Have you ever noticed that people do not ask questions other than a cursory, how are you? Have you also noticed that most people are not listening for the answer, in fact may not even wait for a response at all?
And we wonder why others do not understand us or we them. It’s not really a puzzle. Simply said, most of us have stopped communicating in a meaningful way. We don’t ask well considered questions. We stopped listening, often far too caught up in our own inner dialogue to hear what others are actually saying. We judge responses before we ask for additional information. We interrupt others before they complete their thoughts. And through the pressure of a pandemic, face to face communication has all but come to a standstill.
Yes, this is indeed a communication dilemma. However, one that can be solved with a little practice, patience and kindness.
In my corporate work through the years, my husband and I have specialized in what we refer to as Conscious or Mindful Communication. Conscious because as you may have noticed, most of us are on automatic pilot in our conversations with others. Not really a surprise as we ask the same questions and we give the same answers by habit. Most conversations live on the surface, they fail to go beneath the water line, and certainly don’t dive deep into what someone else really thinks or feels. Part of this is caution, as we may not really want to know what another person is thinking or feeling. This is a safe way to approach communication with others as it requires no commitment.
There are occasions however when you may actually want to deepen your connections, hence your communication. You may need information or you may be genuinely curious. You may be searching for a solution to a problem that is begging to be solved and you want to brainstorm new possibilities or options for a situation. Most importantly, what if you want to forge deeper connections with people you care about.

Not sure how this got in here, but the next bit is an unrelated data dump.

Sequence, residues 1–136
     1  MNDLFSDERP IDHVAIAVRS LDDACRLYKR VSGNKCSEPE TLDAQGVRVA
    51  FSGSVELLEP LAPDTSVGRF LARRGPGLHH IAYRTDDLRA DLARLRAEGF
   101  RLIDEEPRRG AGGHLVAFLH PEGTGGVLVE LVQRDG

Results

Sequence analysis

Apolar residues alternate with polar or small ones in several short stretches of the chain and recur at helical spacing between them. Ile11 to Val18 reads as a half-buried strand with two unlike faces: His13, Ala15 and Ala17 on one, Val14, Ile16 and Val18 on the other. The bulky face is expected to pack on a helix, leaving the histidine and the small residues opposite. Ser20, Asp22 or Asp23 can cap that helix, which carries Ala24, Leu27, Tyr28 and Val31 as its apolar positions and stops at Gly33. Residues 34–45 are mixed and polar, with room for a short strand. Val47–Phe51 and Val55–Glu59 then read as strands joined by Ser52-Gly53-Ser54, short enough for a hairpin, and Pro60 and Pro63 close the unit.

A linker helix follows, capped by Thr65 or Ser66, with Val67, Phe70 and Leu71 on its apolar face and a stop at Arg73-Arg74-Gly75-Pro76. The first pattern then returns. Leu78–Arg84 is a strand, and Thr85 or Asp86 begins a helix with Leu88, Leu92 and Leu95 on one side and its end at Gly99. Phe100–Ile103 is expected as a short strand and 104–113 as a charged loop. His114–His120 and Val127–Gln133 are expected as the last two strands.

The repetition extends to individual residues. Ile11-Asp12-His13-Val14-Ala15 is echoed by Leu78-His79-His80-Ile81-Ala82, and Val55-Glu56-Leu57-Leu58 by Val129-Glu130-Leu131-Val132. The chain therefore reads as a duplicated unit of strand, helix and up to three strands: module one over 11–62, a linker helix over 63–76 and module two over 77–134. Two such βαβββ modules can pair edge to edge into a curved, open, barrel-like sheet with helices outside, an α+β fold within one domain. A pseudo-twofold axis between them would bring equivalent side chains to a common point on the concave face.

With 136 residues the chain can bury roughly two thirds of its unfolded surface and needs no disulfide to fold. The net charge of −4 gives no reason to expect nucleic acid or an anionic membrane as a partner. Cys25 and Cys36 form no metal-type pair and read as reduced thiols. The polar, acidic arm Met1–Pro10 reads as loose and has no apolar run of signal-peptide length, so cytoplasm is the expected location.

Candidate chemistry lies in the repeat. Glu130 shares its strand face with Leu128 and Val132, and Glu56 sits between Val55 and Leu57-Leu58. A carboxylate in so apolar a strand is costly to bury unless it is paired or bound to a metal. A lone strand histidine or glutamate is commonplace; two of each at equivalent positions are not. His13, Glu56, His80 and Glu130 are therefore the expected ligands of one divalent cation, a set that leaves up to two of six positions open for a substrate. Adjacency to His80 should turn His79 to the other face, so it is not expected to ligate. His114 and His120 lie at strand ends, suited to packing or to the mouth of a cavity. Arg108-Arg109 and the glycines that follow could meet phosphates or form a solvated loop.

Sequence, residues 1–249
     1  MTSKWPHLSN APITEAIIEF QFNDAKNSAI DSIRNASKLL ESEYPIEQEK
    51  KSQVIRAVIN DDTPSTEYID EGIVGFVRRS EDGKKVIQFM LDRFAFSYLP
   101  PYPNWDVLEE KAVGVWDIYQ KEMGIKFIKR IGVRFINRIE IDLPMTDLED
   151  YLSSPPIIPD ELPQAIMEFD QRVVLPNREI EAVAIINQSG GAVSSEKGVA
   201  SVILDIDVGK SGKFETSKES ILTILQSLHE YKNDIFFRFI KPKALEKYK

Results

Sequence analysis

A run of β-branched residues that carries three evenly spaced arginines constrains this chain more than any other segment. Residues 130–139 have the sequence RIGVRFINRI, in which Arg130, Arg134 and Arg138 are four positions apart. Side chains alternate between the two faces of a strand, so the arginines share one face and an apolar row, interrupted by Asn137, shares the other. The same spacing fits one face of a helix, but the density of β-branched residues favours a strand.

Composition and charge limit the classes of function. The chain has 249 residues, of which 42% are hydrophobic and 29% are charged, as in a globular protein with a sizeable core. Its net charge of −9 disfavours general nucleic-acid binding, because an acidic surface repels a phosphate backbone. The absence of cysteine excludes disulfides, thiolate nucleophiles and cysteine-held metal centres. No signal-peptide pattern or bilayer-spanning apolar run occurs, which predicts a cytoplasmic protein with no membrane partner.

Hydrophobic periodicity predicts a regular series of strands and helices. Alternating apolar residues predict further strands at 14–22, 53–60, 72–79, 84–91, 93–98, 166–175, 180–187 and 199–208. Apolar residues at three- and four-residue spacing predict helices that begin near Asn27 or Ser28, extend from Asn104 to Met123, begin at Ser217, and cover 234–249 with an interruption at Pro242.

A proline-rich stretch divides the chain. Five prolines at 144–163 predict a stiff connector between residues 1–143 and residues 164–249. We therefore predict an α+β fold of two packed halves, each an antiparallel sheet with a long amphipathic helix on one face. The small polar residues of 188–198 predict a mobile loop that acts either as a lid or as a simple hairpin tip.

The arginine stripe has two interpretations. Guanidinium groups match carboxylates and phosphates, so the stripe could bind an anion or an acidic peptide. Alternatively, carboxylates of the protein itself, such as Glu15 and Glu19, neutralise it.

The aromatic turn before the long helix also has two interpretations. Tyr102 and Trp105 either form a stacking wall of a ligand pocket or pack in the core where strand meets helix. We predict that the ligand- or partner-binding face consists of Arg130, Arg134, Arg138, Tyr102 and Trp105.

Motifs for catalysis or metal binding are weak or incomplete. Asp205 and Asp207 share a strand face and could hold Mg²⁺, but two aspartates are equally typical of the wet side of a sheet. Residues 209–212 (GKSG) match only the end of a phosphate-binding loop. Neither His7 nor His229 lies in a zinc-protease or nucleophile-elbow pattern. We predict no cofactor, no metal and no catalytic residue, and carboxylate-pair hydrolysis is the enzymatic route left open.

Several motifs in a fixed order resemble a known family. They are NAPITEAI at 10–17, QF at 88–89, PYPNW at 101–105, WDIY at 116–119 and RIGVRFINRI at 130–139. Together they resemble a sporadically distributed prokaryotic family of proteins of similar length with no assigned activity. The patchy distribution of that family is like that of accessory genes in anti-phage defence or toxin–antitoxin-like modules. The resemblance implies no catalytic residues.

Before I continue, if there is anything this pandemic has taught me, it is the importance of my relationships and therefore the importance of quality communication with the people I really care about. As a result, I too have had to re-think how I have been communicating. I want people to know that I care and I want others to care about me. This means going the extra mile and shifting my communication habits.
Where do you and I begin? There are a few steps each person can take to deepen their conversations and communicate in a conscious and meaningful way. First, ask questions. Not just ‘how are you?’ but something that requires the other person to engage. ‘How are you really? What has been the highlight of your week? Is there anything troubling you? What would you like to discuss?’
Second, listen. Listen for more than words. Listen for feelings, nuances. Deepen the conversations by asking more questions such as ’Tell me more…’ or ‘And what else?’. Listen. When you are tempted to speak ask yourself one question before you interrupt, ‘WAIT – why am I talking?’ Pause, make sure the other person is finished speaking. They may not be, they may simply be thinking about what it is they want to say. Give them space.
Third, don’t judge. Remember that what another person is saying is completely about them, not you, even if it feels personal. Use those same two questions ’Tell me more…’ or ‘And what else?’ to clarify meaning. If you do find yourself judging, remember this is reflective of something you may be feeling.
Forth, provide feedback through body language and your words. Acknowledge the speaker through your attentiveness, a head nod, leaning forward, eye contact, a gentle touch, even an elbow bump. Use words that demonstrate you have heard them, acknowledge them, express appreciation for sharing, ask how you can support them. Whatever seems appropriate in the moment.
Finally, do not make the other person wrong. That does not mean they are right in your opinion; it simply means you do not need to berate or argue with their point of view. I have learned that, particularly with my husband, that we will disagree and I have learned that the appropriate response is “Let’s agree to disagree” and end the conversation.
Conscious communication does not imply agreement; it does imply respect, honesty, compassion, kindness and understanding. We all need this right now and the more we learn to connect deeply with others, the healthier we all will be.
Until next time,
Betty Healey, MEd., CAPP
Your thoughts and strategies are always welcome and if you care to share, you can reach me at firstname.lastname@example.org